When a manufacturer builds a bigger-engined version of the same model, the focus is usually on the power.
You know a Suzuki GSX-R1000 accelerates faster than a GSX-R600 and a Kawasaki Versys 1000 LT provides a stronger platform for two-up weekends than a Versys 650. Simple, right?
Maybe not so simple in the case of the 2018 Scrambler 1100 from Ducati.
When we first wrote about the Scrambler 1100's unveiling at EICMA, one question bubbled to the top of the reader comments: With just a little more power and quite a bit more weight, would the Scrambler 1100 have a performance advantage over the 803 cc Scramblers to justify the higher price? It's a reasonable question, but after spending a day riding the bigger Scrambler and talking to the engineers and designers, I see that question misses the point of the Scrambler brand's purpose.
The bigger V-twin in the newest Scrambler does provide a fat tabletop of torque (can't call anything that flat a torque curve) and makes the bike both fun and — let me say it directly — easy to ride. But features (mostly electronics), style and sheer dimensions (the issue of who it fits) are what really separate this model from the smaller Scramblers.
What Scrambler does for Ducati
Think back to the reason Ducati introduced the Scrambler brand three years ago. Every Ducati was distinguished by its focus on performance, even the Diavel cruiser. To attract riders who buy based on style and feel, rather than high performance, Ducati needed another brand with a different identity. Thus was born capital-"S" Scrambler, the brand, which is more than just the small-"s" scrambler style of motorcycle.
The 1100 adds to the Scrambler line an option that is still an elemental motorcycle, but with an electronics package that goes not just beyond its smaller siblings, but also beyond its competition by offering four levels of traction control (plus off), three riding modes and — unique in this class — Bosch cornering ABS. It retains the classic styling and proportions of the earlier Scramblers but upsizes them for riders who felt cramped on the 800s.
Those changes, far more than the 13-horsepower bump in peak power, are the reason for the 1100's existence.
The Scrambler 1100
Back in the 1960s, Ducati made 250 cc, 350 cc and 450 cc Scramblers. Now, it makes 400 cc, 800 cc and the new 1,100 cc versions. "This completes our family," said Scrambler Product Manager Rocco Canosa.
Scrambler 1100s are scheduled to be available at dealers the first week in May. Ducati is producing three versions for 2018: The base Scrambler 1100 comes in a choice of yellow or black and U.S. MSRP is $12,995. The Special, which is the version we rode at the press launch in Portugal, adds the brown seat, brushed aluminum fenders instead of plastic, brushed aluminum finish on the swingarm, black spoked wheels and other appearance tweaks. It comes in gray and the MSRP is $14,295. The Sport upgrades to Öhlins suspension, comes in black with yellow stripes and costs $14,995. Those prices definitely aren't cheap, so let's see what you get for your money.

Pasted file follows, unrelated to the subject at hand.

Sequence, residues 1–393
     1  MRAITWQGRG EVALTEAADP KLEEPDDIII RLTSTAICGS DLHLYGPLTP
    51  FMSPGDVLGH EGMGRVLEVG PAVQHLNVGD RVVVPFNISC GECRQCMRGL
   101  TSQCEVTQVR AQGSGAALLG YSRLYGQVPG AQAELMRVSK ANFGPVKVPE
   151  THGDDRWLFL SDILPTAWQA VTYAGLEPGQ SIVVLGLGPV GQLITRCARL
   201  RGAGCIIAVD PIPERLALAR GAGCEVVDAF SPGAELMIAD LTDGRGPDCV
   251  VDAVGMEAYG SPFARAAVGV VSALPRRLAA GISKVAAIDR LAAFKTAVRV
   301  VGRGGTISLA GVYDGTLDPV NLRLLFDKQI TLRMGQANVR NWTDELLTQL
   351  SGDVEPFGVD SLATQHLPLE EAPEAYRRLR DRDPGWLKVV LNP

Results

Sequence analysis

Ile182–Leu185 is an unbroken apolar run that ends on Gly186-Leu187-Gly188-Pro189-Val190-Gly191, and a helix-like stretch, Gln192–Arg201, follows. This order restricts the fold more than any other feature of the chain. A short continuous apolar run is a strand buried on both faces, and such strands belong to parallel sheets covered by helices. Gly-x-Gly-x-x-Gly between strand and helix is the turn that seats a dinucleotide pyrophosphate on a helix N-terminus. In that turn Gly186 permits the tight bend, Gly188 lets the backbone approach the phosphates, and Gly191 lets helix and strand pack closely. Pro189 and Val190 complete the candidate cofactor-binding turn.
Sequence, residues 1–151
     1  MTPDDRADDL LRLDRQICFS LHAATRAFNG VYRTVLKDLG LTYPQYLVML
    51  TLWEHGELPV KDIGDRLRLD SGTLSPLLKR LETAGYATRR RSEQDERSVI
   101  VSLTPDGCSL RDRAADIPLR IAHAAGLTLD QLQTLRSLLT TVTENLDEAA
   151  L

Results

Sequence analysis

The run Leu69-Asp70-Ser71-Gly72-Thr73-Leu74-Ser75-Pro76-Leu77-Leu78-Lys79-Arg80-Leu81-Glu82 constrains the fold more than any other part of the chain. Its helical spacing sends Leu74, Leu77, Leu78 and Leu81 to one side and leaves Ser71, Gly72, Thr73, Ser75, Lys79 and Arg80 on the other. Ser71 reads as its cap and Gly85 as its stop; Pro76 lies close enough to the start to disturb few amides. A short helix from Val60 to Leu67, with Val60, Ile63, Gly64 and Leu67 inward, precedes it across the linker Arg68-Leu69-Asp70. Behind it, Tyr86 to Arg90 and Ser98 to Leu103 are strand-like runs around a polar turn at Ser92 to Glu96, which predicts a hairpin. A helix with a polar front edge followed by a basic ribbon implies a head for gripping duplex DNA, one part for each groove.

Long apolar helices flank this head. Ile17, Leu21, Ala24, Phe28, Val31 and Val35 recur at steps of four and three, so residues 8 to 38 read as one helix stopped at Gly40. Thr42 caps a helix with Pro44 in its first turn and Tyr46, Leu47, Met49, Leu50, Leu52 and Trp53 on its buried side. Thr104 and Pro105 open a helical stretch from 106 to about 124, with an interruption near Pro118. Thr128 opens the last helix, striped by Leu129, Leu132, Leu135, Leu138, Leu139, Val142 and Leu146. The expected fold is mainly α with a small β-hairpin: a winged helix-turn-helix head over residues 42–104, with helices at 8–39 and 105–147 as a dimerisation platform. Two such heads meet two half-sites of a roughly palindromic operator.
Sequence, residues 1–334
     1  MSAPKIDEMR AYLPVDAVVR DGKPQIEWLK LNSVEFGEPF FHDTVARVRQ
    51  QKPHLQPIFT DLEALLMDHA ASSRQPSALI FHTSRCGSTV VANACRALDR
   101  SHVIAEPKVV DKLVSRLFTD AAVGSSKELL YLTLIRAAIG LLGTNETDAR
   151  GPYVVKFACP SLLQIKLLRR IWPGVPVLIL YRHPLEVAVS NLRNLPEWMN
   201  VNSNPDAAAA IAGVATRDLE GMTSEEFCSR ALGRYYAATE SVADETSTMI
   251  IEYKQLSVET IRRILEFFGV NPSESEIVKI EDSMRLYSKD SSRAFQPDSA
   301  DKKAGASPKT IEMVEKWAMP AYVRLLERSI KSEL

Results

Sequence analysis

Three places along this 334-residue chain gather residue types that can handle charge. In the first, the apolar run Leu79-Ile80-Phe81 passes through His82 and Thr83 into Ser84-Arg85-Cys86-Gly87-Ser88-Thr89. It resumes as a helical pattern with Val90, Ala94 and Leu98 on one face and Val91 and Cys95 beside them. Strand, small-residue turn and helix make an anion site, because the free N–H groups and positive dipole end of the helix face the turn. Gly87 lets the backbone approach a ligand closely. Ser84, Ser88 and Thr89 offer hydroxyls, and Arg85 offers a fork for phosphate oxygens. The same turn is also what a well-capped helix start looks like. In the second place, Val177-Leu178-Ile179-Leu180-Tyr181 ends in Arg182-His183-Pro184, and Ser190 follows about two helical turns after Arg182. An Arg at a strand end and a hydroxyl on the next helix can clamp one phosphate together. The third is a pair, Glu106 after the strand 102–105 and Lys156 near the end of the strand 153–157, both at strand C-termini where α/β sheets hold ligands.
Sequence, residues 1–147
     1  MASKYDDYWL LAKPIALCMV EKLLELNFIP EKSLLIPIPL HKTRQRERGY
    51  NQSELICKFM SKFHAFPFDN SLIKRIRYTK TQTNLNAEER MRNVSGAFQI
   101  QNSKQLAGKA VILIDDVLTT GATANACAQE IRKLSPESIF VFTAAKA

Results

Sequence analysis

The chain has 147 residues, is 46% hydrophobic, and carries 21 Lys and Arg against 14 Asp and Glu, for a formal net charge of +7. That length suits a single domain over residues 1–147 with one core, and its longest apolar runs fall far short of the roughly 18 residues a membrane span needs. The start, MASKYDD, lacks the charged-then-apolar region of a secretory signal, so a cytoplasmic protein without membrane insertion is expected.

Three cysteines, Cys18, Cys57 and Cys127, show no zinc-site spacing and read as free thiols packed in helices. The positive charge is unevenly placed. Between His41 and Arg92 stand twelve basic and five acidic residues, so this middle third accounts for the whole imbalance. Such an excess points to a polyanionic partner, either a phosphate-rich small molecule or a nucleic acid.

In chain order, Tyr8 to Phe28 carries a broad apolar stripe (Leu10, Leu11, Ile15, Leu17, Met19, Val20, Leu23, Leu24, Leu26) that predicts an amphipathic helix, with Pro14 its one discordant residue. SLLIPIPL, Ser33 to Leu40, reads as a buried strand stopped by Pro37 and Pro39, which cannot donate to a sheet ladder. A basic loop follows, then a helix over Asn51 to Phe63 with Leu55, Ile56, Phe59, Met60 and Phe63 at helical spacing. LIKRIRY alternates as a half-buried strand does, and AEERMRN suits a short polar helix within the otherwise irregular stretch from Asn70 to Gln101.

All three are built around an air- and oil-cooled 1,079 cc two-valve-per-cylinder engine derived from the version found in the Monster, though several parts are new and the engine complies with the latest European laws on emissions and noise. Ducati claims 86 horsepower at 7,500 rpm and 65 foot-pounds of torque at 4,750 rpm and a wet weight of 454 pounds.
The Scrambler 1100 is intended to be a bigger motorcycle, both to fit larger riders and expand the performance envelope with changes such as a slightly larger fuel tank and bigger, more comfortable seat, but it still had to be a Scrambler. While models routinely grow in size in the car world, "On motorcycles, it is quite tricky to upsize," said Ducati designer Jeremy Faraud. "The biggest challenge was to find the perfect ratio."
The wheelbase grew 2.7 inches to 59.6 inches and the seat rose 0.8 inches to 31.9 inches, as well as getting wider. The bigger fuel tank on the 1100 holds 3.96 gallons.
That fuel tank is one of many parts of the Scrambler 1100 that get aluminum highlights, from the heat shields on the dual, high-mount mufflers to the panels on the sides of the tank that are adorned with creases "inspired by muscle fibers," said Faraud. Even more aluminum accessories are available and Ducati developed several of them in cooperation with Rizoma and Termignoni. Ducati execs are quite proud of the fact that the Scrambler 1100 only has five significant parts made of plastic, with the main one being the airbox. On the Special, the aluminum fenders reduce that number to three.
Those materials and styling touches are intended to make it clear that the 1100 is "the Olympus of the Scrambler world," as Ducati's marketing puts it, and is "a premium and advanced product," in Canosa's words.
"Premium" means that in addition to aluminum instead of plastic you also get touches such as a hydraulic slipper clutch and adjustable levers. A side benefit of the equipment needed for the cornering ABS is a self-canceling turn signal system that really works because it knows when you've actually leaned through a turn. The instrument panel, an upgrade from the one on the 800 cc Scramblers, looks like a nicely styled piece of jewelry.
It looks the part. So how does it work?
Riding the 2018 Scrambler 1100
The typical press launch ride is not for those who like to warm up slowly, and the Scrambler 1100 ride was no different. Straight onto an unfamiliar motorcycle, following the hi-viz-clad leader lane-splitting through Lisbon traffic on narrow, cobblestone streets, then hop onto the 25 de Abril Bridge (Lisbon's version of the Golden Gate) and hit the highway in sixth gear. That's just the first few kilometers.